19 febrero, 2006

Longè fugit, that is, Hit and Run

Reading the amusing Variarum Lectionum libri tres (1566) of Lipsius, the Cinquecento equivalent of a modern blog on Classical readings, in chapter 1.17 we find a quotation from the fragmentary Menippean Satires of Varro. The title of the satyra is Longe fugit qui suos fugit, that is, “he must run far who runs from his own people”, and Lipsius, having exhaustively treated and emended the quotation taken from it, at the end comments the title as well, determining after heedful considerations that it must have been a proverb in Varro’s time:

Siquid tamen diuinando assequi possumus, videtur titulus hic olim prouerbij & vulgati alicuius dicti locum habuisse, & sententiam aut hanc aut similem continuisse, Longè fugit, qui suos fugit. Id est, Longè fugiat oportet, qui suos & genus humanum fugere possit: quocumque enim te contuleris, semper tui similes, tuae cognationis, id est, homines inuenturus es.

And in fact, it does sound familiar to us as a proverb. We have already read it somewhere, and not only read, but, incidentally, even published it. It must be in the Adagia of Erasmus, and if so, then it was classified as a proverb more then a generation before Lipsius’ deliberations.

A quick search in the Adagia CD of Studiolum unveils that this adage was in fact included in the monumental collection of Erasmus. Not in its last authorized version of 1536 however, but in the enlarged edition of 1574, to which a complete second volume of adagia was added, collected from and by various authors under the spell of the Erasmian opus magnum. Thus Lipsius, writing eight years before the publication of this addendum, can be discharged from the accusal of plagium. This proverb is included here in the section Adagiorum centuria of Gilbertus Cognatus as Adage 1274, with a reference to Varro:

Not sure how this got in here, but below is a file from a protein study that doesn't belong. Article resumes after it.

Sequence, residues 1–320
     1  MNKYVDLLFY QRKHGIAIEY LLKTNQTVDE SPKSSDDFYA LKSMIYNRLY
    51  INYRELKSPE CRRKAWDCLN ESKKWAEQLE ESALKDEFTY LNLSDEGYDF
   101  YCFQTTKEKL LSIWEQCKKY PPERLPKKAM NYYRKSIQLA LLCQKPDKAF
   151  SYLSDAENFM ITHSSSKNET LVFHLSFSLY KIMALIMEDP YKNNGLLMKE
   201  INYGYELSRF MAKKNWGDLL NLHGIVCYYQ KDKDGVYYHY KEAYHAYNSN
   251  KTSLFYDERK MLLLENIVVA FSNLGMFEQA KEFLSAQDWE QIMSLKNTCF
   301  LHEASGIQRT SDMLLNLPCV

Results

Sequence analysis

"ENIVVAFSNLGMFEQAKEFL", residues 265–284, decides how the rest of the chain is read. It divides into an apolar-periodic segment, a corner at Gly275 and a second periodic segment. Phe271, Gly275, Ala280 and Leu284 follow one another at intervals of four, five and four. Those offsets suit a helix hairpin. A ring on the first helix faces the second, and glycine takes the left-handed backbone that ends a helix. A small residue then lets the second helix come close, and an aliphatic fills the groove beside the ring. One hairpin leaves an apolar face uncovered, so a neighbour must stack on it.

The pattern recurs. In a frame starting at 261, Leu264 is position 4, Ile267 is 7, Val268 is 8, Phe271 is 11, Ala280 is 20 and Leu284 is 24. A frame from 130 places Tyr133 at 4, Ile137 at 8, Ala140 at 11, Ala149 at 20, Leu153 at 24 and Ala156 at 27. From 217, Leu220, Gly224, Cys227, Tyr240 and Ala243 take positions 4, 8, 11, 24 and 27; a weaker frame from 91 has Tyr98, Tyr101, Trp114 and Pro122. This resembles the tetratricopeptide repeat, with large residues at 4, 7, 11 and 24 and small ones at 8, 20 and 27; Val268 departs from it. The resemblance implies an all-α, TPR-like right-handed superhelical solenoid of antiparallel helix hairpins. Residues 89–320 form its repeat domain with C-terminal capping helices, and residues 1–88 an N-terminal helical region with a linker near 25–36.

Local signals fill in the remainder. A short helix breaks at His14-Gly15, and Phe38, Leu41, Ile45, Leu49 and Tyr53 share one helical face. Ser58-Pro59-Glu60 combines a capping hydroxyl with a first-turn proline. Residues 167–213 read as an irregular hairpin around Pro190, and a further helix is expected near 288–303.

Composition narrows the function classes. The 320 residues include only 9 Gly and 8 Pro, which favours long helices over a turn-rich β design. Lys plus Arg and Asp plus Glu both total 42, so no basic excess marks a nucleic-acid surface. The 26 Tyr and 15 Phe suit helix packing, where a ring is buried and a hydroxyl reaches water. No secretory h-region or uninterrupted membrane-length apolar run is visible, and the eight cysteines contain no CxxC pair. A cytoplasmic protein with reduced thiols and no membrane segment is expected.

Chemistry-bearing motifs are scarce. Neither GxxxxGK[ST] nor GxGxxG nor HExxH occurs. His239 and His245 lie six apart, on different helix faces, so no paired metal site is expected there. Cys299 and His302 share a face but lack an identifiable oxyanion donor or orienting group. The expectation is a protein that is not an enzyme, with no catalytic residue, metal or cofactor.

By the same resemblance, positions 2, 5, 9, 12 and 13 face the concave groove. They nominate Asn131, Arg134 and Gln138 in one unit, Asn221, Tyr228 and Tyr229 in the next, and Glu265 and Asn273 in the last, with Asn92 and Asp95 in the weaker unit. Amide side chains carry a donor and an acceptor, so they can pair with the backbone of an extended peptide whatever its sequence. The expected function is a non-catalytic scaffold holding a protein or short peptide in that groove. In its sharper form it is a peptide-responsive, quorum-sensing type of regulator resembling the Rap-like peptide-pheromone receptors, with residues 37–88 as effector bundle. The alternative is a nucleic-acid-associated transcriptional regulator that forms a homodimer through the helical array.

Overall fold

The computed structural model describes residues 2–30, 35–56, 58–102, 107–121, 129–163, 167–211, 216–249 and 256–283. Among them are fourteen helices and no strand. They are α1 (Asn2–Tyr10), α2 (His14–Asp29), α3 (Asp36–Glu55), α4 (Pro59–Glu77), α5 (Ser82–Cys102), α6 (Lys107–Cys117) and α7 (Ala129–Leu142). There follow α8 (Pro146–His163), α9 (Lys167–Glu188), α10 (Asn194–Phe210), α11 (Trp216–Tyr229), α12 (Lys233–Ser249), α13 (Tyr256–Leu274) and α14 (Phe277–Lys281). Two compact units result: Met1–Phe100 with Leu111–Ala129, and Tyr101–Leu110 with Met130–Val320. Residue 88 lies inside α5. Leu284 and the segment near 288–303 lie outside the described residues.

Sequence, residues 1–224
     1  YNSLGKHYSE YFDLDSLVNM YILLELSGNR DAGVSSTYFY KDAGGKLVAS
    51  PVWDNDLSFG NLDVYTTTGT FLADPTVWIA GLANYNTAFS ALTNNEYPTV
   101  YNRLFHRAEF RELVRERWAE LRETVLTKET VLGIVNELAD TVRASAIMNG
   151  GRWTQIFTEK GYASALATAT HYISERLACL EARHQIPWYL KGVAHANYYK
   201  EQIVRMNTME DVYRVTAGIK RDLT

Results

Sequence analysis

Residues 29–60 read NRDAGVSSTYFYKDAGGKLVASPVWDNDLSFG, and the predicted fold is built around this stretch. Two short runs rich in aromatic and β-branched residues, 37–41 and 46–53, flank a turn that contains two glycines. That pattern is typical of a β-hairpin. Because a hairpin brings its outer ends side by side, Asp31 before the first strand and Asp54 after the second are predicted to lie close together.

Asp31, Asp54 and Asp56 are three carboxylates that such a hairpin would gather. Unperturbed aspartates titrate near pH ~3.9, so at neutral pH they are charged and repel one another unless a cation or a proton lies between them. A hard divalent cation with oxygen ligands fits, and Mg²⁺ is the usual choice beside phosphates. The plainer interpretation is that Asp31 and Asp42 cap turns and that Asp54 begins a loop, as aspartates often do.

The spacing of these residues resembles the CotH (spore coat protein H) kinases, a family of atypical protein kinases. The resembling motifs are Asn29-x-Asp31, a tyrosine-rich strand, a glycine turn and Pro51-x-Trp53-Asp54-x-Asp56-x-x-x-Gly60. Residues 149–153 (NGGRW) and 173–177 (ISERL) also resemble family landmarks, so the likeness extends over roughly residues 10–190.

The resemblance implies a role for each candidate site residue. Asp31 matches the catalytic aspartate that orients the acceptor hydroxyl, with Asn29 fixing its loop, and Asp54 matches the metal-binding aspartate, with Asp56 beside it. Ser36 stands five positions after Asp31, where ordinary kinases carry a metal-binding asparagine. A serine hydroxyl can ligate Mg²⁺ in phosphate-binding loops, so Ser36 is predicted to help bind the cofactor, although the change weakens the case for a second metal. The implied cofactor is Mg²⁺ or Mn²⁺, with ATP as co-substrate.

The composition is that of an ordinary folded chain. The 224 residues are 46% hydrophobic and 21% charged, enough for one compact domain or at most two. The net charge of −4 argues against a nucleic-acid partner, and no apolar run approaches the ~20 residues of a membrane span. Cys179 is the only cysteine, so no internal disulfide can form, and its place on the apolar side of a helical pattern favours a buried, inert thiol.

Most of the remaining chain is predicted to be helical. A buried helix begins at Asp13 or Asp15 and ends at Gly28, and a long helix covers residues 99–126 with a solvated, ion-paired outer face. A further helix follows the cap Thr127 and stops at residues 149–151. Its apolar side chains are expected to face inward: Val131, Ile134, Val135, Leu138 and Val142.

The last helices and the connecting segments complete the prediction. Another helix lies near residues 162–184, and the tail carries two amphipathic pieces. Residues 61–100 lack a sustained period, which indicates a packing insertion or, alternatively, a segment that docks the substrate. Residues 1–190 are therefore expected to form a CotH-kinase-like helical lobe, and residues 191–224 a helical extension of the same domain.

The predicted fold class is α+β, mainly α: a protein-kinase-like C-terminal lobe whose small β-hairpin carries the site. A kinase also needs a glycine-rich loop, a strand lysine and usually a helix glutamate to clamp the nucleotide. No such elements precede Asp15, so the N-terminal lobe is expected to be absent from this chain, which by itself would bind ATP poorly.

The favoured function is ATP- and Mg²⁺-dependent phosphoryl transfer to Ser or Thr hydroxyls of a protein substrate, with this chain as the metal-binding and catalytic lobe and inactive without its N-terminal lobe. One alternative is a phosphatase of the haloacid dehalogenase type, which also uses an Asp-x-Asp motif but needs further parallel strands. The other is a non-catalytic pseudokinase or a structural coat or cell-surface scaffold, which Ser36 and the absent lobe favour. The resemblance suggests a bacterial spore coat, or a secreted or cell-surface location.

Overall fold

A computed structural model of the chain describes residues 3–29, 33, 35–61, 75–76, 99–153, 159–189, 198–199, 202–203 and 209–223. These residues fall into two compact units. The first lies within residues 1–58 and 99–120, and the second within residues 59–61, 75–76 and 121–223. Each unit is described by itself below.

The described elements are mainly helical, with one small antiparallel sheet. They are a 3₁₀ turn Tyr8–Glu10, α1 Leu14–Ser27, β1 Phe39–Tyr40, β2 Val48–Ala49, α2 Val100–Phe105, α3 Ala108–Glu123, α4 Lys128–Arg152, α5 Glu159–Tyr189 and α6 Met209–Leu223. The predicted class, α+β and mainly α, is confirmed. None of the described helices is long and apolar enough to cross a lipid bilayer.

Longè fugit, qui suos fugit. Refertur à Nonio, in Eruum, in Conuenire. hic titulus est prouerbialis satyrae Varronis: Longè fugit, qui suos fugit. Quae adagio non uidetur abludere à Terentiana in Phormio. Ita fugias, ne praeter casam. id est, domum, ut tutissimum cuique perfugium: quò cum peruenisti, fugiendi finem facere debes.

Then it was Cognatus who plagiarized Lipsius. But wait: in the same second volume we also find another occurrence of the same adage, this time in the section of the adages collected by Hadrianus Turnebus:

Longè fugit, qui suos fugit. Titulus prouerbialis satyrae Varronis, non multum abludens ab illa adagione Terentij: Ita fugias, ne praeter casam. quod est, ut ne nimium longè. nam ad casam, id est, domum ubi tutissimum cuique perfugium est, cùm peruenisti, fugiendi finem facere debes. Idem Aduers. 15. cap. 5.

Turnebus here refers to his own Adversariorum libri XXX, first published in 1530, where we read in the chapter cited:

Refertur & à Nonio titulus prouerbialis satyrae Varronis, longè fugit qui suos fugit: quae adagio non videtur abludere a Terentiana: Ita fugias ne praeter casam: quod est, ita fugias, vt nimium longè. nam ad casam, id est, domum, vbi tutissimum cuique perfugium est, cùm peruenisti, fugiendi finem facere debes.

This passage was therefore the ultimate – and unnamed – source not only to Cognatus, but also to Lipsius, who in chapter 1.21 of the Variae Lectiones remembered the late Turnebus (1512-1565) with full reverence as “magni ingenij & doctrinae vir”. Obviously, he had a reason to run far.

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